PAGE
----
I felt gratified, if a bit sheepish after five other fine musicians had just played their guts out. It was vaguely reminiscent of the famous, “More cowbell!” Saturday Night Live skit spoofing Blue Oyster Cult, except I wisely opted not to press the moment with the band and risk impalement on my own dinger–so to speak. Still, it has me re-evaluating my songwriting focus. Perhaps a Joni Mitchell update: “I’ve looked at life from three sides now…” Maybe even a symphonic treatment– Concerto in B# (always a good triangle key) for Strings and Bent Iron. With any luck, “love triangle” will take on a whole new meaning before I’m through.
I have more than a passing interest in The Genius, a.k.a. Ray Charles. I wrote a book for young people called Uh Huh! The Story of Ray Charles (see books page) shortly after he died in 2004. Unfortunately his passing was overshadowed by that of Ronald Reagan only five days earlier.
Reagan got a U.S. commemorative postage stamp almost immediately (you have to be dead to qualify), but what about Ray? Months became years but finally Soul Brother #1 has received his due in a nifty stamp sheet suggesting a 45 rpm record sleeve, that accurately describes him as “a musician beyond category.” Send a bunch of letters, crank up “What’d I Say?”, and if you’d like a signed copy of my book, pound your keyboard like Brother Ray to firstname.lastname@example.org
It’s downright embarrassing to have to live up to the achievements of your dog; but then again, Otis is no middling mutt. That’s why there’s a special place on my site (see top of page) that chronicles his amazing journey.
Even though he’s mostly retired from Wonder Dog duty these days, Otis still wags the tails of his rescue group, Northern Illinois Samoyed Assistance. He is the cover boy of NISA’s 2014 calendar, as well as Mr. July. And most recently, he took home 1st place at the first-ever costume contest at Sam-O-Rama, NISA’s annual reunion/picnic. His costume was actually sewn years ago by my wife Jude for an Independence Day parade appearance, but pushing age 13, he wears it with perhaps even more authority now as a senior statesman for his breed. I’ll let you decide: submitted for your approval– Uncle Sammie!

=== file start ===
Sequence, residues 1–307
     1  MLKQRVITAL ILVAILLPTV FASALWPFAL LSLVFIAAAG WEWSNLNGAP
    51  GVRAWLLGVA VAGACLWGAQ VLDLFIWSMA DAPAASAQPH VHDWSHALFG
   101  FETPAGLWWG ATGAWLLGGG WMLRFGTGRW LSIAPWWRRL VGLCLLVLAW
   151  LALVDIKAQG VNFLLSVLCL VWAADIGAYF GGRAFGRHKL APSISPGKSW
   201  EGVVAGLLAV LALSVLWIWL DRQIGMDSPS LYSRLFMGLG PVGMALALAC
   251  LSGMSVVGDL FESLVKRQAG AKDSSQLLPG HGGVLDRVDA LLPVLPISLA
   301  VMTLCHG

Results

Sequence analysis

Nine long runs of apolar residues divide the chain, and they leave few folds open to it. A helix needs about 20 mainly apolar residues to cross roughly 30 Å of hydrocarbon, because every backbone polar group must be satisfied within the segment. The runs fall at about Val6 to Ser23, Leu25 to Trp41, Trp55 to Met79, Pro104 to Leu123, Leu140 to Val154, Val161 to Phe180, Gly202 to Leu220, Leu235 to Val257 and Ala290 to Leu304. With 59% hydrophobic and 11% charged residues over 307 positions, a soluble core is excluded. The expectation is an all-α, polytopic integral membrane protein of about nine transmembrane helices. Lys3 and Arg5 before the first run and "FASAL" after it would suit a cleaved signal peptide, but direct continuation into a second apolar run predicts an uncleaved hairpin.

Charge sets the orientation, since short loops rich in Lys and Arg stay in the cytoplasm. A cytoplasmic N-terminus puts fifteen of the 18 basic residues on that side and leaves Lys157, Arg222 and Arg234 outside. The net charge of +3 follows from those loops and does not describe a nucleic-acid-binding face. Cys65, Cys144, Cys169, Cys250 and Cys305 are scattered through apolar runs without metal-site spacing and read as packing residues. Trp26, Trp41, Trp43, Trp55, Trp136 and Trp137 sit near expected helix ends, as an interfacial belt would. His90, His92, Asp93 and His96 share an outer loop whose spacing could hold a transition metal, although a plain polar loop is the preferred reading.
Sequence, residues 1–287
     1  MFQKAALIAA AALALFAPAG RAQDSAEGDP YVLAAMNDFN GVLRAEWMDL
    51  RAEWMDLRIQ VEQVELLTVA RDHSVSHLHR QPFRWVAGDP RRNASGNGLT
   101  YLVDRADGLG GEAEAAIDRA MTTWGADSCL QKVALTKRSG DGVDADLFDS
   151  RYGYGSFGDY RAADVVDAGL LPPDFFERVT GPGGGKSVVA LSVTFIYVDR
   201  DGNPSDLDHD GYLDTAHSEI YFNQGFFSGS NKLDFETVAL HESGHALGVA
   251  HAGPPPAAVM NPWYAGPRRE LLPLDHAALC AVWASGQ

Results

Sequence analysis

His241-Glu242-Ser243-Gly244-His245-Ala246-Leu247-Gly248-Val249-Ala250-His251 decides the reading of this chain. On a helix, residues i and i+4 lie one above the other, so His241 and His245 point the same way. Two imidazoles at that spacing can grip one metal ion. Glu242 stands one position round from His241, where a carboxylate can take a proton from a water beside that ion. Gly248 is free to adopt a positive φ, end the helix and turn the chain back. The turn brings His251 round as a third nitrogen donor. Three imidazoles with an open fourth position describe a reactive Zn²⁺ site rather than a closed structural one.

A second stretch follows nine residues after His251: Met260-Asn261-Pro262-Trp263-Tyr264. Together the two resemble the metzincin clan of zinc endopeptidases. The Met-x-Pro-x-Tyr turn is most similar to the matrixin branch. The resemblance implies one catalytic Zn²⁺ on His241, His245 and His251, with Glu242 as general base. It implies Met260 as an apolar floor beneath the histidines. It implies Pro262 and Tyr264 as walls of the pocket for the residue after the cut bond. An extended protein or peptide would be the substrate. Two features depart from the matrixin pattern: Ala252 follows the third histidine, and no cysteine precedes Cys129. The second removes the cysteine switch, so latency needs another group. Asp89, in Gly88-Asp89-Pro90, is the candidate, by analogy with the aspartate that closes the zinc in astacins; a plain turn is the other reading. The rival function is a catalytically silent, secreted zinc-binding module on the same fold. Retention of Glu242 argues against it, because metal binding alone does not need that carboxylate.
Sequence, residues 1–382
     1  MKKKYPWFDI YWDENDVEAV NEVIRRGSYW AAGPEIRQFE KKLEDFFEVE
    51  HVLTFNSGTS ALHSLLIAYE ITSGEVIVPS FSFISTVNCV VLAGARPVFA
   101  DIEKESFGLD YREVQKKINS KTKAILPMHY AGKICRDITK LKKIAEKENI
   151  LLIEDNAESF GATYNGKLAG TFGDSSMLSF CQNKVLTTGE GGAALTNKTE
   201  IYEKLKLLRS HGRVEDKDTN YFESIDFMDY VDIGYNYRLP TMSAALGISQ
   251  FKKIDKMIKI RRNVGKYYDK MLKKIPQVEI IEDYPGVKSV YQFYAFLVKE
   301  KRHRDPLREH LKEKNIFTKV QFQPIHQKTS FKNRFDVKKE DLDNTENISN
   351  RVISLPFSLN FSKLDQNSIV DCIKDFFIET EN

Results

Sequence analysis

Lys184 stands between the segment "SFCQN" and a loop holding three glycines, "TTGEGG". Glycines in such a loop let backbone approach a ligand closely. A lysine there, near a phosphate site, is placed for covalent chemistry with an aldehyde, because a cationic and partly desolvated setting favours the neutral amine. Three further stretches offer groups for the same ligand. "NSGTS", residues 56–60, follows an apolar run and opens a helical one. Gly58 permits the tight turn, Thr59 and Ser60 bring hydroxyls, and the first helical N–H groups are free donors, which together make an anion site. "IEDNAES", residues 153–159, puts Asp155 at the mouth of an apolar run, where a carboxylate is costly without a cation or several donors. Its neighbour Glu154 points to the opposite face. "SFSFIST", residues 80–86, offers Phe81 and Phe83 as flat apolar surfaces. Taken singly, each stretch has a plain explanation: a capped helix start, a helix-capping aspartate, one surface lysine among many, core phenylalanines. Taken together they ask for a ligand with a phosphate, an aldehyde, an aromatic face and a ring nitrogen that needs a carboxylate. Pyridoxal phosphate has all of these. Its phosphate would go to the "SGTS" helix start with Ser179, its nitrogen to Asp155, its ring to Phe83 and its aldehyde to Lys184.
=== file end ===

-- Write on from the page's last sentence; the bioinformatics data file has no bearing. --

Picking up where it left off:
In case you missed it, Budweiser staged a so-called “Made in America Festival” over Labor Day weekend headlined by Jay-Z and Beyoncé, with about a gazillion others. I’ve heard of very few beyond the headliners (call it an age thing), but my personal favorite band name was Diarrhea Planet– perhaps the spiritual heirs of one hit wonders The Electric Prunes from my childhood. Even more amusing is the claim Budweiser makes to being “Made in America.” Today’s Bud is brewed at 20 foreign locations, compared to 12 within our borders.
I know this because I wrote a song called “Made in America” that gave a shout to 37 famous products (including rival Miller Beer) that still come by the label honestly, and not surprisingly, this is a mighty small list. But it pays– at least in recognition– to sing American: My song just won an Honorable Mention from among thousands in the international Song of the Year contest. I’d like to thank my Chicago friend Lance Brown for recording and tasty lead guitar, and Mineral Point, Wisconsin’s Dave Hopper for additional recording and Lori Jones for background vocals.
Have a listen on the following link and be sure to give me a holler if you’re a music industry exec seeking the next hit for your client in Nashville, Austin, New York, L.A.– anywhere but China.
Let’s say you’re the little town of Cottage Grove, Wisconsin. You have a beautiful but rapidly aging 1910 schoolhouse on a piece of prime real estate not far from the Interstate. Do you:
A) Bulldoze it away for a strip mall like the one across the road?
B) Hope someone might save and salvage it?
Fortunately Cottage Grove chose B, and after much sweat and cash equity new owner David Morrow repurposed the venerated little learning center into an art gallery, café– and more recently, a live music venue. I played outdoors there recently on a classic Cheeseland summer evening with fellow singer-songwriters Rich Baumann and Reid Miller. The setting was so picture perfect that I could point upward to the inspiration for my cloud song “Cumulus” hovering over the cornfields.
Venues where music is really listened to– as opposed to background noise for getting drunk– are much appreciated by folks of my ilk, so a tip of my guitar goes out to David and manager Eric Willman for converting the old Gaston School into a college of musical knowledge. Check it out at www.gastonschoolgallery.com